Bush Awards Medals of Honor to WWII, Vietnam Soldiers (Updated)
By Jim Garamone
American Forces Press Service
WASHINGTON, May 2, 2002 Proving heroism has no deadline, President Bush awarded the Medal of Honor posthumously May 1 to a World War II Army dentist who died while single- handedly fighting off a horde of enemy troops and to an Army pilot who died marking enemy targets to save friendly soldiers during the Vietnam War.
Sandra Swanson, flanked by daughters Brigid Swanson Jones and Holly Walker, accepts President Bush's thanks and praise for her husband's sacrifice during the Vietnam War. Bush awarded the Medal of Honor posthumously to Capt. Jon E. Swanson at the White House May 1, 2002. Photo by Joe Burlas.
(Click photo for screen-resolution image);high-resolution image available.
Bush awarded the medals at a White House Rose Garden ceremony. Dr. (Capt.) Benjamin L. Salomon received the award for heroism on the Pacific island of Saipan on July 7, 1944. Capt. Jon E. Swanson received the award for his bravery on Feb. 26, 1971, in the skies over Cambodia.
Swanson's family received the award from the president. Salomon, who has no living relatives, was represented by Dr. Robert West, a fellow alumnus of the University of Southern California dental school. West was the individual most responsible for pursuing the award for Salomon.
Salomon was a dentist serving as a surgeon with the 27th Infantry Division. The division had invaded Saipan, in the Marianas Islands. He was at his battalion's aid station when the unit came under a massive attack by thousands of Japanese soldiers.
"The American units sustained massive casualties, and the advancing enemy soon descended on Captain Salomon's aid station," President Bush said during the ceremony.
Salomon killed several enemy soldiers as they tried to enter the aid station from different directions. As the attacks continued, he ordered comrades to evacuate the tent and carry away the wounded.
"He went out to face the enemy alone and was last heard shouting, 'I'll hold them off until you get them to safety. See you later,'" Bush said.
Salomon replaced a dead machine gun crew and began firing on the attackers. When American troops retook the ground, they found his body still at the machine gun -- and surrounded by 98 dead Japanese soldiers.
No one doubted Salomon deserved the Medal of Honor. Soon after the action, his regimental commander put him in for the award. The paperwork stopped after division strictly interpreted a Geneva Convention rule that medical personnel cannot receive valor awards.
The time limit on nominations had passed by the time a different interpretation came through -- that medical personnel could receive valor awards if they were defending their patients and aid stations or hospitals.
Many people tried to get Salomon his due in the intervening years, but paperwork was misplaced or lost, the Army couldn't find two people who witnessed his heroism, and so on. Robert West took on the effort five years ago, and Ben Salomon finally received the recognition he deserved.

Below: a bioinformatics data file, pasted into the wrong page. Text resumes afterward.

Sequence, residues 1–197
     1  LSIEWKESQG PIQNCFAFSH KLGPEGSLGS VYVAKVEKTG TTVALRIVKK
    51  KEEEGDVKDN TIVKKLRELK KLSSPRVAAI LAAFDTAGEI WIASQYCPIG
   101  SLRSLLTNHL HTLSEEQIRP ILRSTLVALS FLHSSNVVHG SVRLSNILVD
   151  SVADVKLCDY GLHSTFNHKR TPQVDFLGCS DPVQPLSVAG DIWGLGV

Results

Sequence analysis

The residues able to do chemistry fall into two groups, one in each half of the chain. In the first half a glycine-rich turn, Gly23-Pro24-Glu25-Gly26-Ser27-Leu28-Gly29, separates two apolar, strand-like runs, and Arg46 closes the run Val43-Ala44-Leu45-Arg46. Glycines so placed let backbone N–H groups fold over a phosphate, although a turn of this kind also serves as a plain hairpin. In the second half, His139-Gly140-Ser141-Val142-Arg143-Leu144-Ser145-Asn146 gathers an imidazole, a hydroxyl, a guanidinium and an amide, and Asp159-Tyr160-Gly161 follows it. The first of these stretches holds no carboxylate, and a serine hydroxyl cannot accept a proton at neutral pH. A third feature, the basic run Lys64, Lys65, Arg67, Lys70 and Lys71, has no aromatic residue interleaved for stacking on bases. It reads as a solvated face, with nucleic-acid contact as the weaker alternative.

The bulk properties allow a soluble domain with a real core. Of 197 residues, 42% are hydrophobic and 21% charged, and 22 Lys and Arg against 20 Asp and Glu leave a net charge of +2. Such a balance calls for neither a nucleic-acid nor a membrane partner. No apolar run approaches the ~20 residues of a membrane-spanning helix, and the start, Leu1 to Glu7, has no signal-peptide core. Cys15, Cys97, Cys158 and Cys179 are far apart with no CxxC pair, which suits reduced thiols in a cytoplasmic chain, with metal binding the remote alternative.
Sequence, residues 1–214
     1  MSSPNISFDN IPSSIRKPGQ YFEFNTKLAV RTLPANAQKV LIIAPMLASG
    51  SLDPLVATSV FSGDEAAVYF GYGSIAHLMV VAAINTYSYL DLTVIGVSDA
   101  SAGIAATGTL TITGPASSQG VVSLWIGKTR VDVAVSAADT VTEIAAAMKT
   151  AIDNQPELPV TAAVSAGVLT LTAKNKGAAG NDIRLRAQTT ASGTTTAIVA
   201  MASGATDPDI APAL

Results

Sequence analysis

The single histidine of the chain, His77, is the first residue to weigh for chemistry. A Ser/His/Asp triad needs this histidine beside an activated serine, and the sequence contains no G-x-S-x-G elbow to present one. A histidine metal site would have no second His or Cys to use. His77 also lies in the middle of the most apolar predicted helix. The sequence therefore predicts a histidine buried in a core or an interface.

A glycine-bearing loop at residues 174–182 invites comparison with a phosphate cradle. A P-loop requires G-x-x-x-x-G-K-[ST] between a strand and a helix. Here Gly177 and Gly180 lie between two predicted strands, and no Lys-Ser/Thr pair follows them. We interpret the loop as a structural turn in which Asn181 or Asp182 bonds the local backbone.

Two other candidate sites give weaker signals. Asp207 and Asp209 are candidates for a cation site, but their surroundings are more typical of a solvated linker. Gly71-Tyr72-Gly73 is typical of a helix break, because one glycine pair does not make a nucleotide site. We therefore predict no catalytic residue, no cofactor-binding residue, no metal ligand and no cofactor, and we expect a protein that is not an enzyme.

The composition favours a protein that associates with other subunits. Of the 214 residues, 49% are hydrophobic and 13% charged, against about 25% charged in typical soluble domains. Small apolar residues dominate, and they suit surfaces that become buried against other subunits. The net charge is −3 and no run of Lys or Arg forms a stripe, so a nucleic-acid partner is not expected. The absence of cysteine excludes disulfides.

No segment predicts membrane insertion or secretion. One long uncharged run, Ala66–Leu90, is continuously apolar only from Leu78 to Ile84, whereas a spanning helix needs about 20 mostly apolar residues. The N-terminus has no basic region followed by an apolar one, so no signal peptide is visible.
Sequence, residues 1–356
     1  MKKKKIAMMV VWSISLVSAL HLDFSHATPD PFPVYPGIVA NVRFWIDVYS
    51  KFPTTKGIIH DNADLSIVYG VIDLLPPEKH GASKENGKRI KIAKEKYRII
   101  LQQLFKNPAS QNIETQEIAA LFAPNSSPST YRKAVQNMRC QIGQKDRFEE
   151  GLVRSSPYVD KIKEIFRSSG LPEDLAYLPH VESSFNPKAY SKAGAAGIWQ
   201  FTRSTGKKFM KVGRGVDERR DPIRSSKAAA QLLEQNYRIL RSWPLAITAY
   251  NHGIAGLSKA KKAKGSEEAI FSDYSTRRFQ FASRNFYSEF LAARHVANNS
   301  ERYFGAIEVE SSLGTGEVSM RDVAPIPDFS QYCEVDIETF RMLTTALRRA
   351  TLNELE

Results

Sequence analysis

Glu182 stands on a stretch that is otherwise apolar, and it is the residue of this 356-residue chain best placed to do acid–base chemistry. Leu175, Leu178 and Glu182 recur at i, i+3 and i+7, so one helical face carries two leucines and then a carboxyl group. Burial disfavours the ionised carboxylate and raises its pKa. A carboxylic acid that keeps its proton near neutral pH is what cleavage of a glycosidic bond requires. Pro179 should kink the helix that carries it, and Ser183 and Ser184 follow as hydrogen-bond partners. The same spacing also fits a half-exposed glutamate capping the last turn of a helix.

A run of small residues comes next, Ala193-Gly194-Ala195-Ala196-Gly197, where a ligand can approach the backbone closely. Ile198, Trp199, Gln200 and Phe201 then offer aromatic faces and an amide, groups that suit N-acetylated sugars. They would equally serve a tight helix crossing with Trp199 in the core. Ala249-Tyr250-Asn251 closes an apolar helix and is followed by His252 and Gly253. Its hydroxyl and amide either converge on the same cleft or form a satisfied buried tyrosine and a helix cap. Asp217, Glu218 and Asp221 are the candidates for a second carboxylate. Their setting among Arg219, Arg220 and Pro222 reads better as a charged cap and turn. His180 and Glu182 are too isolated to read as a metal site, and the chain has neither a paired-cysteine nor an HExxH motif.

Swanson was an Army pilot supporting South Vietnamese troops in Cambodia. He was serving his second tour in Vietnam. Flying an OH-6 helicopter, Swanson was called in to provide close air support.
"Flying at tree-top level, he found and engaged the enemy, exposing himself to intense fire from the ground," Bush said. "He ran out of heavy ordnance, yet continued to drop smoke grenades to mark other targets for nearby gunships.
"Captain Swanson made it back to safety, his ammunition nearly gone, and his scout helicopter heavily damaged," Bush continued. "Had he stayed on the ground, no one would have faulted him. But … he had seen that more targets needed marking to eliminate the danger to the troops on the ground. He volunteered to do the job himself, flying directly into enemy fire until his helicopter exploded in flight."
The Swanson family came to Washington to receive his medal, but also to bury his remains.
When Swanson was shot down in 1971, the Army listed him and his observer, Staff Sgt. Larry Harrison, as "killed in action – body not recovered." U.S. military officials kept trying to recover the two men's remains, however.
In 1992, a joint U.S.-Cambodian search team found wreckage, crew artifacts, small fragments of human remains, data plates and other evidence. All these were sent to the Central Identification Laboratory in Hawaii.
Recovery teams went back into the site in 1999 and found more human remains after expanding the search area. CIL scientists identified Swanson and Harrison in late 2001. On May 3, 2002, the two will be buried at Arlington National Cemetery, Va.
Swanson received the Distinguished Service Cross for his actions even though he had been recommended for the Medal of Honor. A review of his actions upgraded the award.
"The two events we recognize today took place a generation apart, but they represent the same tradition," Bush said. "That tradition of military valor and sacrifice has preserved our country, and continues to this day. Captain Salomon and Captain Swanson never lived to wear this medal, but they will be honored forever in the memory of our country."